September 05, 2012 - 2:39pm
Joan Grace appointed as head
The future of industry training across Australia is set to get a new, secure focus following the decision by the Printing Industries Association of Australia to establish a Registered Training Organisation (RTO) for the printing industry.
Printing Industries President Susan Heaney said the Board saw the move as essential for the provision of key skills in the industry and had also endorsed the appointment of a person “of the highest calibre” to manage its establishment.
“We cannot allow the future of printing industry training to remain in peril and subject to the changing policies of various governments,” she said.
“After the recent decision by RMIT in Victoria the industry wants certainty, vision, greater co-ordination and the ability to provide the kind of training required for its ongoing development. This is particularly the case in an increasingly multi-channel communication world where opportunities are being created but new skills demanded.”
Ms Heaney said she was delighted to announce the appointment of New Zealand’s Joan Grace to head the RTO as General Manager, Education, Employment and Training.
“Joan is currently the Chief Executive of PrintNZ the peak industry association for the New Zealand printing industry. She is also Chief Executive of the Communications and Media Industry Training Organisation (CMITO).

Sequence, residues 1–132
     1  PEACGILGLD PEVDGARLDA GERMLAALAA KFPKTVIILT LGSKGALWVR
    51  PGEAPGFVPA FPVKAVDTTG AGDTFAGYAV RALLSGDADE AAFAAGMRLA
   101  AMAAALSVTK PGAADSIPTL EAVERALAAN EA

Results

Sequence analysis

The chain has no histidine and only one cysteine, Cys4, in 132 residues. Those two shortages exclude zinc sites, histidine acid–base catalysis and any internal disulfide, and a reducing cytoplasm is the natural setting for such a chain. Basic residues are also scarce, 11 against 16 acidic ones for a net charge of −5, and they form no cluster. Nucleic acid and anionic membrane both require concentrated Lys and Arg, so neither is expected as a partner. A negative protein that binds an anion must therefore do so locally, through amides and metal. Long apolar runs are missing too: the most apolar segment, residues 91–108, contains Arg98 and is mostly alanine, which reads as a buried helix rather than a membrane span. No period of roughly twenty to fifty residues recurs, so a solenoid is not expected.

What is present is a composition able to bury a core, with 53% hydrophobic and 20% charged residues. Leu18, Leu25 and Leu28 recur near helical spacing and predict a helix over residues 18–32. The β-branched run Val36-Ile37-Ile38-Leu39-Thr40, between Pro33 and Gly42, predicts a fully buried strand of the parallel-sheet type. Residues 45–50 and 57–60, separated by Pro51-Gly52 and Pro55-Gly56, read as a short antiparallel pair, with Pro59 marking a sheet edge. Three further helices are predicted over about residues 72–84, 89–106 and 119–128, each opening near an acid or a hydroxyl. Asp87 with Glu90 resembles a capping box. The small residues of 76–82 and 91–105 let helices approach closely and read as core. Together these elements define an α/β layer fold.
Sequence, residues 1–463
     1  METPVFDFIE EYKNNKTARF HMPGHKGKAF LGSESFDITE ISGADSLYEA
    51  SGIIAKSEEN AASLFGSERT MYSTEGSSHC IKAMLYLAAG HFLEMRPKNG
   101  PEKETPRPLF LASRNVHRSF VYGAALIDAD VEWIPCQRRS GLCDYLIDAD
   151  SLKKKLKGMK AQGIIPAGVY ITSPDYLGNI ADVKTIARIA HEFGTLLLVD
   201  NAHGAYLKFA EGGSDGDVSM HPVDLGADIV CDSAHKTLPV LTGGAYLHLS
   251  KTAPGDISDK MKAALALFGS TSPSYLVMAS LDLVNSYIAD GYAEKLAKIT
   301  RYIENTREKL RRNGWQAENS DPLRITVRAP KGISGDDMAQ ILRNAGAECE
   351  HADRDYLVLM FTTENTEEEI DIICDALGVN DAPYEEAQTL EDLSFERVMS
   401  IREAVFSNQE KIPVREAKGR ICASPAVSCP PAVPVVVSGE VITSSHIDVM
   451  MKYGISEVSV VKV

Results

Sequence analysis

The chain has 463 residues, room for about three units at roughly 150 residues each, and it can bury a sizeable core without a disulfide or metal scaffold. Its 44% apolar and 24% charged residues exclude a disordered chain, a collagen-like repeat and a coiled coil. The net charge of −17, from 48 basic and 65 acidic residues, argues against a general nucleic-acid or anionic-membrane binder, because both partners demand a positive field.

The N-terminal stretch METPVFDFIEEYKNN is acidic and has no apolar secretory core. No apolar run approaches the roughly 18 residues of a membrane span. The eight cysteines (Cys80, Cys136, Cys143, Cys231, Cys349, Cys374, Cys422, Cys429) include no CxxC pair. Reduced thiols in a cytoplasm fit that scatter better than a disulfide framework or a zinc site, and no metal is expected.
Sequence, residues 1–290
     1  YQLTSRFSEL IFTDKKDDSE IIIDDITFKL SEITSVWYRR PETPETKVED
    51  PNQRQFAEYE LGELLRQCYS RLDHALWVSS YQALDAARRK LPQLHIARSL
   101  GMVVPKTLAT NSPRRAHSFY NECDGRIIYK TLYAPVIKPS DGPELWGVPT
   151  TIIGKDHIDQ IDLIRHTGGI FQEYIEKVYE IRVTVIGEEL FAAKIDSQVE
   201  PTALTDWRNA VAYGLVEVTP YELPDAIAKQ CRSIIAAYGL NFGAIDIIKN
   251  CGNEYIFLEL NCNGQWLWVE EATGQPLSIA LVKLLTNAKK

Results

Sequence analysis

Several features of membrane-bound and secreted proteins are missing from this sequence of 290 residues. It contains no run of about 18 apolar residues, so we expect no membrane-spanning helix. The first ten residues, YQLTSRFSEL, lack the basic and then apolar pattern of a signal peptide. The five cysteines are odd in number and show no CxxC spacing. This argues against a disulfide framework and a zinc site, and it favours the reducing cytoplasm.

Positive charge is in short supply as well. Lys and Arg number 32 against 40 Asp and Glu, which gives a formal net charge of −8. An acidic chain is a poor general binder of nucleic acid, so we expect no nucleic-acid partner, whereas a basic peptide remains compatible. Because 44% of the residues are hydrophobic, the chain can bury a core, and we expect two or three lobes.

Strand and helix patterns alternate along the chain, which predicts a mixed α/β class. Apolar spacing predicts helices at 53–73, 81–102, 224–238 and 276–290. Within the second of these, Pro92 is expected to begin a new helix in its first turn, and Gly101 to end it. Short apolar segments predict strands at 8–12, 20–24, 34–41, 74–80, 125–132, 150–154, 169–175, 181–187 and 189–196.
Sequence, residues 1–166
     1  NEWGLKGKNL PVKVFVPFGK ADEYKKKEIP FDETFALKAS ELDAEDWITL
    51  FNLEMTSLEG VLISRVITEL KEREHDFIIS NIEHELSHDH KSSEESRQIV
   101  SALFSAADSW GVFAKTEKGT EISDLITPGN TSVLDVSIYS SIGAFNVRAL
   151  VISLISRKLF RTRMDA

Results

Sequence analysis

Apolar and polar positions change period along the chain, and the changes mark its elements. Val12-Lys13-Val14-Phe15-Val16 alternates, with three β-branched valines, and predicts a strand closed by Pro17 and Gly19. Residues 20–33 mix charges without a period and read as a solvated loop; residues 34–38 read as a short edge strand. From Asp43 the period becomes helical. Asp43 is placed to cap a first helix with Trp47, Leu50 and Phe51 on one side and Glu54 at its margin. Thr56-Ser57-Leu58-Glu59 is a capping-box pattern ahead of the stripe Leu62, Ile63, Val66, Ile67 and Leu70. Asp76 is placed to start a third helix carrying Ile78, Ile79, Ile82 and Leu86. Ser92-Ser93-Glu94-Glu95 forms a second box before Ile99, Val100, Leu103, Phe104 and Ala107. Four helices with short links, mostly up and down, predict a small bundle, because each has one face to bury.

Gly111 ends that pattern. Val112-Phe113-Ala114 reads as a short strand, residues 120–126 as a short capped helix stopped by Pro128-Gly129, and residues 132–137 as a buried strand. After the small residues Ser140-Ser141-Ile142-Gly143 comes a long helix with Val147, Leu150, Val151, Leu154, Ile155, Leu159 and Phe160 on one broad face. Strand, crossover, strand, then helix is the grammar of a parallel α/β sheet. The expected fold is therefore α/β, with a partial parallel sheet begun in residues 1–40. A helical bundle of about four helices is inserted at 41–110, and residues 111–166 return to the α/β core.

“She revolutionised training for the New Zealand industry and created a model that is the envy of organisations locally and internationally,” she said.
Printing Industries CEO Bill Healey said the appointment was a major coup for Australian industry training and for Printing Industries’ current campaign to ensure Victorian and Tasmanian printing companies were not disadvantaged by the RMIT’s decision to exit from print training.
“Joan has accepted a contract with us and will be relocating to Victoria where she will be based in our Melbourne office,” he said.
“Her initial role will be to establish the national RTO on behalf of the printing industry and to ensure that industry training in Victoria is maintained.
“Joan will also manage the establishment of the Victorian operation and provide leadership in the development of a national training function as well as working with the broader industry to provide better co-ordination and consolidation of education and training issues.”
Mr Healey confirmed that Printing Industries was “fast-tracking” the RTO establishment.
“We are in the final stages of negotiations to purchase an existing organisation allowing us to fast-track this project. This is a critical need of our Victorian and Tasmanian members who find themselves in a situation today that may possibly be repeated in other states across the country tomorrow.
“We are continuing to have discussions with the Victorian Government on achieving our objective to fill gaps in apprentice training brought about by RMITs departure from its printing industry training role,” he said.
Mr Healey said Ms Grace had established relationships with a large number of key industry partners operating on both sides of the Tasman and an outstanding track record in industry training.
“This RTO project is one of the most important and far reaching decisions of Printing Industries in recent times and will help redefine our industry’s future,” he said.
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